Judge OKs $107.6 million settlement against DuPont over alleged poisoning of water - NewsOn6.com - Tulsa, OK - News, Weather, Video and Sports - KOTV.com |

Judge OKs $107.6 million settlement against DuPont over alleged poisoning of water

Updated:
CHARLESTON, W.Va. (AP) _ A judge Monday approved a $107.6 million settlement of a class-action lawsuit against DuPont Co. in which residents alleged that a chemical used in making the nonstick substance Teflon contaminated their water supplies.

The lawsuit was filed in August 2001 on behalf of residents living near the Washington Works plant south of Parkersburg, who said their drinking supplies were contaminated by perfluorooctanoic acid, known as PFOA or C8.

Under the agreement, blood tests will be conducted on residents with wells and current and former customers of six area water districts to determine who is eligible to receive damages.

DuPont has denied any wrongdoing but said in September that it decided to settle the case because of the time and expense of litigation. The company did not immediately comment on the settlement Monday.

The agreement calls for DuPont, based in Wilmington, Del., to provide the six local water utilities with new treatment equipment to reduce PFOA in water supplies at an estimated cost of $10 million. The company must also fund a $5 million independent study to determine if PFOA makes people sick and pay $22.6 million in legal fees and expenses for residents who sued.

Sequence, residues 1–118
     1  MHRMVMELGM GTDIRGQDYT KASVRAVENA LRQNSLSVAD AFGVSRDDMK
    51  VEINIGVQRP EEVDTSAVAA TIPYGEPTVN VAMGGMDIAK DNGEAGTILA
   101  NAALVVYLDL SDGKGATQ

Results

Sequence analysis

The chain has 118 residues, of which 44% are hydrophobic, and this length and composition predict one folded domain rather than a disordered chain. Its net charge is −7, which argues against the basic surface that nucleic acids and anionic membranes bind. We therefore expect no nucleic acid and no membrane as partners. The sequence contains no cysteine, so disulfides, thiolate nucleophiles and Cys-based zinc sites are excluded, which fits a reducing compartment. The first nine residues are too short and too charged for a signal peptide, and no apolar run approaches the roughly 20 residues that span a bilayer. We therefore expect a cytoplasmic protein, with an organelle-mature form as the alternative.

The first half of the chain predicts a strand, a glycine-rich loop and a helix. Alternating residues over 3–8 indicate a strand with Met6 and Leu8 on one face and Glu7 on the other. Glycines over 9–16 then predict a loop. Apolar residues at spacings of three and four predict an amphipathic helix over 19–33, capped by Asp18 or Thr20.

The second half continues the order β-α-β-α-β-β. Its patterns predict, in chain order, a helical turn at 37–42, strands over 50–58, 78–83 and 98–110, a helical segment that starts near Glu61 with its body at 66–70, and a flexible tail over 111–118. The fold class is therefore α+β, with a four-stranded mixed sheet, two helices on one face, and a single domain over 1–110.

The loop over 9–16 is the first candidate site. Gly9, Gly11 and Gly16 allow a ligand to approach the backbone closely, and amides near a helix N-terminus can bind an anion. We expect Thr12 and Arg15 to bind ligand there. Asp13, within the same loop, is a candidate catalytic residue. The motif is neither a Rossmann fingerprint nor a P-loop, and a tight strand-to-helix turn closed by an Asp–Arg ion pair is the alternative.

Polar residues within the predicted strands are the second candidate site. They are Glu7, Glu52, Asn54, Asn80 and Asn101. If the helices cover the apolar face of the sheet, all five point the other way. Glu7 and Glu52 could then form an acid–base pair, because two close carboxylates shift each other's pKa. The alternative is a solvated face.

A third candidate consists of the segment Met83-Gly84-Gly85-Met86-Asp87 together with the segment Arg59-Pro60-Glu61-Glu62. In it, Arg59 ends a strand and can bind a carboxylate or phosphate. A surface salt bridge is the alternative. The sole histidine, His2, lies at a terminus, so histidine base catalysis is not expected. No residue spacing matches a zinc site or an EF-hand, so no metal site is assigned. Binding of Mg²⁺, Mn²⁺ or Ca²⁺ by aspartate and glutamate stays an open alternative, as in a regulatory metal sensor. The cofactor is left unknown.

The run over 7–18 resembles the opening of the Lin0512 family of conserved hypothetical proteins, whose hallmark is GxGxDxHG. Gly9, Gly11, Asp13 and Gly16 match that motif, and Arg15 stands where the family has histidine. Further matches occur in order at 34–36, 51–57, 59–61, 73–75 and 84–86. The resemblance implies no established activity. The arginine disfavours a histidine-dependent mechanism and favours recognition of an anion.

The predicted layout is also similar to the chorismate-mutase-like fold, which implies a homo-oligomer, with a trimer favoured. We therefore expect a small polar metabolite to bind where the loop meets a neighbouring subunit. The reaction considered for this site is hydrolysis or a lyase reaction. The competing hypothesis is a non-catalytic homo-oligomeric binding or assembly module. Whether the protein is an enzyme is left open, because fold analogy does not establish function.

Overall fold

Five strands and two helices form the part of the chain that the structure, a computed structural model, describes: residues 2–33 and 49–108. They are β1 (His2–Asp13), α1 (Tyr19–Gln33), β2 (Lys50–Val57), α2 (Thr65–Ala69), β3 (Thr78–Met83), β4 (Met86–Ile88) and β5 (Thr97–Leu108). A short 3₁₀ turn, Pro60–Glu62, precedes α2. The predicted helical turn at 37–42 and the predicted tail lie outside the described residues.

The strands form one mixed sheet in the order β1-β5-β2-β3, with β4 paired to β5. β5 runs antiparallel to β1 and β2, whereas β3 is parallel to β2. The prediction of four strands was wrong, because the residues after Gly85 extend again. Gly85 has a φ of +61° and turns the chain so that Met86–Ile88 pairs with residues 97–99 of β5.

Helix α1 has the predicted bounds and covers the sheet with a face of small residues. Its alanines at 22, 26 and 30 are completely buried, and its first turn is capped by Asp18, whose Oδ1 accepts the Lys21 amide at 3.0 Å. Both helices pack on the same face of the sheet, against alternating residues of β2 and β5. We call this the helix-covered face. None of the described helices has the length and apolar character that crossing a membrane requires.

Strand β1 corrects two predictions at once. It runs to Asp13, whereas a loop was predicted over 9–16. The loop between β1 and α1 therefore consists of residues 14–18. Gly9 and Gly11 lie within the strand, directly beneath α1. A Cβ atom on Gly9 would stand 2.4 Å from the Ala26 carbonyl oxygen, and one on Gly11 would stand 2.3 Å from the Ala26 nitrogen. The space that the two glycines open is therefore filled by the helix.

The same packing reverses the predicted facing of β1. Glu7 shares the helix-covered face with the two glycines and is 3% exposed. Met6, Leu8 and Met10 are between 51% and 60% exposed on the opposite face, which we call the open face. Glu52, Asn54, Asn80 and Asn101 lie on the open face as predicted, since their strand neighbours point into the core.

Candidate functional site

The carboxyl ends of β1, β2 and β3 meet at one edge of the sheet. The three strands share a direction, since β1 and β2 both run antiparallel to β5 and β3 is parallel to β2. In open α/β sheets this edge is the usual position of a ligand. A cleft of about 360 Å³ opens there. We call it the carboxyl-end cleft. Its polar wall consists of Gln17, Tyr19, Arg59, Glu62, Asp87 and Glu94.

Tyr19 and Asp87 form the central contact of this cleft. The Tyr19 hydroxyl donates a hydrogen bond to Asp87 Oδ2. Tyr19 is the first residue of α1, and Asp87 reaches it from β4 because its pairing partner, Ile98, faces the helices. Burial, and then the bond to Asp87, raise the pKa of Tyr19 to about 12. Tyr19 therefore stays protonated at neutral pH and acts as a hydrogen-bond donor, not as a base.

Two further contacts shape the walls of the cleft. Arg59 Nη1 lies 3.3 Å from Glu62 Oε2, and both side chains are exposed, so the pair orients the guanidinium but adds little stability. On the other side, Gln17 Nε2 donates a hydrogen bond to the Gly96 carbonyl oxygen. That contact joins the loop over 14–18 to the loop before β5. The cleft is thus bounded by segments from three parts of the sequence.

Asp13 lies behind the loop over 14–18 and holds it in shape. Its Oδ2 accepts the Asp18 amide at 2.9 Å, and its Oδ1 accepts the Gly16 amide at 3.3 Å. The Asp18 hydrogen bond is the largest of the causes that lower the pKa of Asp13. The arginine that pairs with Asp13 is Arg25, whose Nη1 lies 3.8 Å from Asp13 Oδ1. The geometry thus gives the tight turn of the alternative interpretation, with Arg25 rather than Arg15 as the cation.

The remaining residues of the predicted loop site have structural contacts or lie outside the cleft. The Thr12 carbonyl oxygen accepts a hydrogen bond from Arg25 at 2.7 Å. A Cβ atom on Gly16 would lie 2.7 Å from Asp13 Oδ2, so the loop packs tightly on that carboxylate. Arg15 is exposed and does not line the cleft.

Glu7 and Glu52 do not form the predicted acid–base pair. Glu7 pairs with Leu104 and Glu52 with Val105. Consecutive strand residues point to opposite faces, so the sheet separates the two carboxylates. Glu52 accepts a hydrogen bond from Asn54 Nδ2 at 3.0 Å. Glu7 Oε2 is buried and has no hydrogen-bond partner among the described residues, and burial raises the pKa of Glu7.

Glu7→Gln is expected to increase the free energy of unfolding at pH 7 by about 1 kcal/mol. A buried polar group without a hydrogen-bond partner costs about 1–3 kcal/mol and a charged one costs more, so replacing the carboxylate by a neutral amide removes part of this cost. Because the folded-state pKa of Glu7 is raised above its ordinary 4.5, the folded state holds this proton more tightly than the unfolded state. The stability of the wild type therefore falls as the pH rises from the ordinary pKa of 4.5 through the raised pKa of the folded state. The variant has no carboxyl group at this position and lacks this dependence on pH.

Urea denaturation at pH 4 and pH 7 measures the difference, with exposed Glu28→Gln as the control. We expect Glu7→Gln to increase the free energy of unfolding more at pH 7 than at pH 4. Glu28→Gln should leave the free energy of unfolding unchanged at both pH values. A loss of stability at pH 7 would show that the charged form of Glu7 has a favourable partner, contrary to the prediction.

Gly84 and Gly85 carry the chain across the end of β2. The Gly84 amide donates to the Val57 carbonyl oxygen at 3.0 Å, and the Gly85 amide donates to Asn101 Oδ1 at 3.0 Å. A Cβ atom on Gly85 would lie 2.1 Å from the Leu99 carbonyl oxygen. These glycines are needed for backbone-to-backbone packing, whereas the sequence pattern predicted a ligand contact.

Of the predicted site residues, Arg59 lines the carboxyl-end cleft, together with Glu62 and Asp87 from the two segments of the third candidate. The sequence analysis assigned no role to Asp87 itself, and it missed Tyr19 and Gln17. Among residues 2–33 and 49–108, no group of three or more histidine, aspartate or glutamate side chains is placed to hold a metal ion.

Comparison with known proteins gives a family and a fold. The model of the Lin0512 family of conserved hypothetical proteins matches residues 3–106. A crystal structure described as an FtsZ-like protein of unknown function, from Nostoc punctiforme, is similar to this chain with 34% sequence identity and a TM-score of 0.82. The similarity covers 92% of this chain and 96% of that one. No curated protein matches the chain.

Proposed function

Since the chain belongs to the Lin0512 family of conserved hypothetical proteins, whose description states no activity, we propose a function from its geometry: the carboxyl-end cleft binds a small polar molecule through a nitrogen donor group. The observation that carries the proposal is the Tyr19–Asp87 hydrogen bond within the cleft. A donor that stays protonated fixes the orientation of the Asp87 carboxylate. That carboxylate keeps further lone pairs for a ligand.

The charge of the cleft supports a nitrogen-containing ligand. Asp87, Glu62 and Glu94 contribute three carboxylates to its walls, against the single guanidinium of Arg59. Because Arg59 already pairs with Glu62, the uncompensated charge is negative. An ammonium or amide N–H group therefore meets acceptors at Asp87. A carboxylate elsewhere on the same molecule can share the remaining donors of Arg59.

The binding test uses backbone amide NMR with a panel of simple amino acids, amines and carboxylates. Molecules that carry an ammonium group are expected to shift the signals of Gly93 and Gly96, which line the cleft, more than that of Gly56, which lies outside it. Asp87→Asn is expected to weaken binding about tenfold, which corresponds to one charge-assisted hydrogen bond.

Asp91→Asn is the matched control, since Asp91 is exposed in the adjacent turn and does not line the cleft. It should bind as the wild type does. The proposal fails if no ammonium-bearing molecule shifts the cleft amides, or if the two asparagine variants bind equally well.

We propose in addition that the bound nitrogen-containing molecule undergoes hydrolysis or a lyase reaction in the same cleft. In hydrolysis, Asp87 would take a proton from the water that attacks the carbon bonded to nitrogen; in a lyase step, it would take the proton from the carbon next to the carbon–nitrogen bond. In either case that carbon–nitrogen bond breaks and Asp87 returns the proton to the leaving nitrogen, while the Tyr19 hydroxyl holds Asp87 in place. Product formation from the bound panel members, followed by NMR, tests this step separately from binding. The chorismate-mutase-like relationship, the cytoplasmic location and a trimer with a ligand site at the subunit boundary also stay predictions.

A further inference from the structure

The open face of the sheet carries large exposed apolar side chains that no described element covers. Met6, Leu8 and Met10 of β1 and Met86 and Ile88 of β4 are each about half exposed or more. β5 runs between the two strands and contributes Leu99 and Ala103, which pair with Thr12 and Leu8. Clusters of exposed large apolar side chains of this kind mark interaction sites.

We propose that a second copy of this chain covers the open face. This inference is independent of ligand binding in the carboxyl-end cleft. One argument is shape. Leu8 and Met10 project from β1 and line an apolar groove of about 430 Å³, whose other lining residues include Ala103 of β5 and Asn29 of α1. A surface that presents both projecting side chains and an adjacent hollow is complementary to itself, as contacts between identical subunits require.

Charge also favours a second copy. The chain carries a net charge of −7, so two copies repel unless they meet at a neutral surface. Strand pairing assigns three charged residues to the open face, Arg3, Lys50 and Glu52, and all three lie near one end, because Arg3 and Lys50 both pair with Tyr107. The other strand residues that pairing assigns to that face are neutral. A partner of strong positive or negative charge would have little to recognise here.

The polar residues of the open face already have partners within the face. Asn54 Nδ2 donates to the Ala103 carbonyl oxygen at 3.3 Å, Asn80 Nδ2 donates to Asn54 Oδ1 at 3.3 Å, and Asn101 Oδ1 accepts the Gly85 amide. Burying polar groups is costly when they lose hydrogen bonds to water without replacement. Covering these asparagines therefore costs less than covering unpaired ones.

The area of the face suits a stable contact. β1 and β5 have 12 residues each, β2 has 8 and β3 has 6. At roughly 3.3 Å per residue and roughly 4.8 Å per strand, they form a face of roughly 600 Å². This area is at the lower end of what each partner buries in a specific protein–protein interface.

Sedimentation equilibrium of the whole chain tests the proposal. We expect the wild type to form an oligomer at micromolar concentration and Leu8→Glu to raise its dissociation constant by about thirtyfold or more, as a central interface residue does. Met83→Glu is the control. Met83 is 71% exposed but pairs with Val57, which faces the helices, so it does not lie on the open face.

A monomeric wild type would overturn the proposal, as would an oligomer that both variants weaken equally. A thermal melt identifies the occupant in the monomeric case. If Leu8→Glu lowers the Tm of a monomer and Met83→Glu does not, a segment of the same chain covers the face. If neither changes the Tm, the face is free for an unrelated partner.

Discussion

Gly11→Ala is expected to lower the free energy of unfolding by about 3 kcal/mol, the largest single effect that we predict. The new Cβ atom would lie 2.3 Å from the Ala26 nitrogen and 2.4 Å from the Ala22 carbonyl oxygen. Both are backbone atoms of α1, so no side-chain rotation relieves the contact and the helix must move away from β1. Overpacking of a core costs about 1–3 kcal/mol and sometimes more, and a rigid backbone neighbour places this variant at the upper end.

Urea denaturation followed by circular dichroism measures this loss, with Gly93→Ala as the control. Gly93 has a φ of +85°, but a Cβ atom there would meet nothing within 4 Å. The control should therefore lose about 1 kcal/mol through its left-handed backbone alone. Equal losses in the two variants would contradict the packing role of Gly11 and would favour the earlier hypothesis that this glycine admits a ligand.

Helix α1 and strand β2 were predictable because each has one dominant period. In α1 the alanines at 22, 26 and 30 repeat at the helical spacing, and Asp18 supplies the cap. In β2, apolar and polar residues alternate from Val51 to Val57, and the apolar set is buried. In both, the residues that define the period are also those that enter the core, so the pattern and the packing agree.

Ultimately DuPont could be forced to spend another $235 million on a program to monitor the health of residents who were exposed to the chemical, according to the terms of the settlement.

DuPont has reduced its C8 emissions by 95 percent since the original lawsuit was filed in August 2001, said the plaintiffs' attorney, Harry Deitzler.

Last July, the U.S. Environmental Protection Agency alleged that DuPont repeatedly failed over a 20-year period to submit required information about C8. The EPA is seeking millions of dollars in fines for violations of the Toxic Substances Control Act and the Resource Conservation and Recovery Act. The company is challenging the fines.
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